“Louis Louis, oh no! Me gotta go!”

Saturday, December 31, 2005 by

Okay, this might not be entirely on-topic (although, you could possibly file the following somewhere in the OTT Book Tower), but I’ve just finished reading Louis Theroux’s The Call of the Weird.

I normally spend ages on one book, but this took me only three days to get through, in part due to the huge font used throughout. That aside, it’s a really readable piece of work, albeit one greatly diminished if you’re not familar with the author’s Weird Weekends series. It got me thinking, though, when did telly go off the boil for Mr Theroux?

It’s got to be with his When Louis Met … series, which turned him into a mainstream TV property (as one of his subjects, Paul Daniels, pointed out at the time) and diminished his oddball appeal. In addition, it’s probably fair to say the whole Weird subject was rather of its time … Millennial angst and all that. Interestingly enough, this hasn’t just been a shift in television trends. As Theroux discovers in his journeys throughout the book (wherein he revisits old contacts he made in Weird Weekends) many of the subcultures he investigated have withered on the vine in the last five years. Jon Ronson, it’s time to look for something new to do.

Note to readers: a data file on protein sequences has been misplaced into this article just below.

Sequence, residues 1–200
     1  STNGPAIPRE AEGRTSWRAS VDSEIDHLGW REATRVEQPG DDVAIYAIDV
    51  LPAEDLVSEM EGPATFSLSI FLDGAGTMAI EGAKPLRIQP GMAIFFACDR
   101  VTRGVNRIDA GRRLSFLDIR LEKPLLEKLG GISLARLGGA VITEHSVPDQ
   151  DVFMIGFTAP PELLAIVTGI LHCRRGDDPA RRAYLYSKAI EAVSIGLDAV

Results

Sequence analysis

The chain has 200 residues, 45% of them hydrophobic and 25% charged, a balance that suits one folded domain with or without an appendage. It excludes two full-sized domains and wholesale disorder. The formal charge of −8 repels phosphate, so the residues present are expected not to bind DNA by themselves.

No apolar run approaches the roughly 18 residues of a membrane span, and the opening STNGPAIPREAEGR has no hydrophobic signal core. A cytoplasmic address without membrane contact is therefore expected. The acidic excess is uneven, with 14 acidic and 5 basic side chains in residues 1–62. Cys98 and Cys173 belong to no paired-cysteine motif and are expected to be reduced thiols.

But, anyway, reading the tome, I was nearly prompted to dig out my old Louis tapes (obviously, I haven’t actually got around to doing that just yet), because despite the slightly passé nature of it all, the book reminded me of Theroux’s genuine talent as a journalist. A kind of Morgan Spurlock, without the grandstanding, crusading – or facial hair. I kind of miss him.

Er, Happy New Year everyone!


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